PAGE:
Shown here are my Gabriel plow, a Gabriel #5 hollow, a chisel which will be used as a scraper, a mortising gauge, and my work holding setup for this piece.

These Gabriels are genuine 18th century. Very cool!
First I defined the location of the molding with the mortising gauge. In this instance, the channel will be 1/2" wide, 1/4" deep, and 1 1/2" in from the inside edge of the side rail. Take your time and make several light passes with the gauge. Do not try to make a deep line with one pass; you will most likely make a pair of ugly, twisty lines that will not serve their purpose.


With the groove laid out, I then set up my plow plane to make the appropriate cut. For more information on plow planes and how to use them, see my article The Care and Feeding of the Wooden Plow Plane.

Given that a plow is a joinery plane that isn't expected to make attractive surfaces, the bottom of the groove needed a little dressing up. To do this, I grabbed a 1/2" chisel and, using it bevel up at a high angle by dragging it backwards, I scraped the bottoms of the grooves smooth. This has the added benefit of helping to clean up any stray wood fibers from the sides and bottom corners of the grooves. You can see a little chipout in the very end of the groove caused by a marking gauge line that wasn't deep enough. It will not be a problem as this area is exactly what will be molded later on.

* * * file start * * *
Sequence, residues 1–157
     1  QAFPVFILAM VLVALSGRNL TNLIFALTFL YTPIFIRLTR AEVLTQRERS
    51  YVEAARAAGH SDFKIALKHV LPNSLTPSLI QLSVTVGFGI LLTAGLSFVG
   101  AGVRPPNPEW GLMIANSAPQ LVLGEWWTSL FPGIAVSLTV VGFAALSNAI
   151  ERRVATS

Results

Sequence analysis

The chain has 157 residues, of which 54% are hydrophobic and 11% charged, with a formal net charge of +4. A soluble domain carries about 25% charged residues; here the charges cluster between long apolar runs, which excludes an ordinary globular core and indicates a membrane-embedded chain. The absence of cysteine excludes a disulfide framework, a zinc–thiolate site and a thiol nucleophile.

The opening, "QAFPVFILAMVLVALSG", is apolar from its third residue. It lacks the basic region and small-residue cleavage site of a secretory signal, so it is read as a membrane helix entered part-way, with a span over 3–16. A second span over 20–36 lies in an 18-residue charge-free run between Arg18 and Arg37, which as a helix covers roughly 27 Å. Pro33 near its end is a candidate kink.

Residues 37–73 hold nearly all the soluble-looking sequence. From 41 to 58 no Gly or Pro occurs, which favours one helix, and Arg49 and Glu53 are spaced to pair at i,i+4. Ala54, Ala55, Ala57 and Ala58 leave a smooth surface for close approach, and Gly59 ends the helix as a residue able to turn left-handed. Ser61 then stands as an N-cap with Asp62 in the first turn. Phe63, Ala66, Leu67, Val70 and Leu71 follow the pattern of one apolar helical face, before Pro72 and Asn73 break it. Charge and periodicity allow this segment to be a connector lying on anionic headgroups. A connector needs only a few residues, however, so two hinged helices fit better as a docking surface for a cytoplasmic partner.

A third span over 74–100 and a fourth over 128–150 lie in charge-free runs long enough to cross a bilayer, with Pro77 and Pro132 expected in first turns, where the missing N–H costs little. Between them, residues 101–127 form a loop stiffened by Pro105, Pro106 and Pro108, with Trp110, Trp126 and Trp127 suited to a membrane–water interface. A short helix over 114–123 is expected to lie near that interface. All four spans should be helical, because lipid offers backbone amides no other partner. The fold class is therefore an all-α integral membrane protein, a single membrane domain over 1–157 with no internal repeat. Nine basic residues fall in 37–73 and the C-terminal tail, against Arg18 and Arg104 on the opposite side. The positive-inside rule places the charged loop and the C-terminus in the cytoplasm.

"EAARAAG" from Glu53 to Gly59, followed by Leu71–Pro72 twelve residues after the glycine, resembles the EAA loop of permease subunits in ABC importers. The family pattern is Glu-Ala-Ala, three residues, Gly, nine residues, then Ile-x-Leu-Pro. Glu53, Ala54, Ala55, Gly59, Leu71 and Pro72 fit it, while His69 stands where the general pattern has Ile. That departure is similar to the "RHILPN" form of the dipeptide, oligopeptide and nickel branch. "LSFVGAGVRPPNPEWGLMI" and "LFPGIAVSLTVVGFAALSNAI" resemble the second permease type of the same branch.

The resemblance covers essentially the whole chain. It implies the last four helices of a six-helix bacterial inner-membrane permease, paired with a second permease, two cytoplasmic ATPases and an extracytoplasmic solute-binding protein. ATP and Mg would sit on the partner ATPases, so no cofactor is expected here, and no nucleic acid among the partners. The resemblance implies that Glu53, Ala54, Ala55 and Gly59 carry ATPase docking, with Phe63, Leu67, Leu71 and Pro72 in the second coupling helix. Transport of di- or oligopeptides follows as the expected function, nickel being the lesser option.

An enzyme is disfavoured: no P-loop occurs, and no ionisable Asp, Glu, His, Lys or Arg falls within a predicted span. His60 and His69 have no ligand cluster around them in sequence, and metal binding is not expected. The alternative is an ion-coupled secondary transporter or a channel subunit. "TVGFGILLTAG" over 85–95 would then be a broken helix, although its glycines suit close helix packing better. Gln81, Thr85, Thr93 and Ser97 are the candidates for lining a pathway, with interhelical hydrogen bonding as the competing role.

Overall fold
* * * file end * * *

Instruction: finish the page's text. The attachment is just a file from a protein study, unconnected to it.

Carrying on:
Using a chisel as a scraper is a great technique. They dull quickly this way especially in white oak.


Once you have the groove plowed and cleaned up, simply round over the top corners of the groove with an appropriately-sized hollow plane. I used my #5. You could use a chisel if you don't have hollows and rounds.

How it looks against the stiles.

This extremely simple technique adds a nice look to the piece. All four moldings were done in less than 30 minutes. A scratch stock molding wouldn't take much more (if any) time at all, outside of making the tool. I hope you can find a use for this easy technique in your own work.